Thousands of Blackberry users will be cut off from today if last-ditch talks between Saudi authorities and smartphone maker Research In Motion (RIM) fail.
By submitting your personal information, you agree that TechTarget and its partners may contact you regarding relevant content, products and special offers.
Saudi authorities announced earlier this week that Blackberry services did not conform to regulatory requirements and would be blocked from 6 August.
But talks between Saudi authorities and RIM on the eve of the threatened shutdown are said to have shown progress.
Sources close to the talks said the two sides have discussed technicalities of a new setup after RIM showed increased flexibility, according to Reuters.
RIM has been facing increasing pressure from Saudi Arabia, the United Arab Emirates and India to open its encrypted network to government scrutiny.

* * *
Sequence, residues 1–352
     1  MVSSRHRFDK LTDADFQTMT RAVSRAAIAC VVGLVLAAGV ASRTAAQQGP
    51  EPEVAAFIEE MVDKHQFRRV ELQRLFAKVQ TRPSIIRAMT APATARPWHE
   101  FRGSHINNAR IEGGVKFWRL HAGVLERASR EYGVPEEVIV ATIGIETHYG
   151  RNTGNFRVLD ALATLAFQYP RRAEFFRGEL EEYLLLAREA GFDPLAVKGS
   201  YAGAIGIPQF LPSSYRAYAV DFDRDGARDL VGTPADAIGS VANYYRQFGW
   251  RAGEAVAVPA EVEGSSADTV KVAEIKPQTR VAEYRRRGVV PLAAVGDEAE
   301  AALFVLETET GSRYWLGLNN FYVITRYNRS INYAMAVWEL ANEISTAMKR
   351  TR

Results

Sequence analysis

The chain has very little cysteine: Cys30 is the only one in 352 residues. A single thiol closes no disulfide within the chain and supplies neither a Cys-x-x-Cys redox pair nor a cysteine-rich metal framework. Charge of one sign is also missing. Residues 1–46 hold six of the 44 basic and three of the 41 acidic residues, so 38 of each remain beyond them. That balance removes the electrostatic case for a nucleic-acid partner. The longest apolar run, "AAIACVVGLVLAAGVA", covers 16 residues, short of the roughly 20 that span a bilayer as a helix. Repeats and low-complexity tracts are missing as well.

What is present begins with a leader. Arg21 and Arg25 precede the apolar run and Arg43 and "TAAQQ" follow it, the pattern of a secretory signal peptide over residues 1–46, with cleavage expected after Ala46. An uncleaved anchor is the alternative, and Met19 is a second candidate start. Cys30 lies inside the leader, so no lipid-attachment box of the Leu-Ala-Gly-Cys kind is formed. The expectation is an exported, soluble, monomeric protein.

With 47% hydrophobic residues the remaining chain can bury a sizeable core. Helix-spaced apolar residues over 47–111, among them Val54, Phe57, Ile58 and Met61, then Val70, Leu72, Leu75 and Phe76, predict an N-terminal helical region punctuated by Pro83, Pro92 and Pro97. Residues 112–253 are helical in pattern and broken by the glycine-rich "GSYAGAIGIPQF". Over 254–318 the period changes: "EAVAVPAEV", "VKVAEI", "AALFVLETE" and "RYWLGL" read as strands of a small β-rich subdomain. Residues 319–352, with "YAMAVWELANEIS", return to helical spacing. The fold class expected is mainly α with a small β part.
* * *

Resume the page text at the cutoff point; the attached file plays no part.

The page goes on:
A growing number of countries are demanding access to encrypted Blackberry communications because of concerns about national security.
But on Wednesday, RIM said it could not accommodate any request for a copy of a customer's encryption key.
"RIM has spent over a decade building a very strong security architecture to meet our enterprise customers' strict security requirements around the world," the company said.
RIM said the company co-operates with all governments with a consistent standard and the same degree of respect.
"Any claims that we provide, or have ever provided, something unique to the government of one country that we have not offered to the governments of all countries, are unfounded," the company said.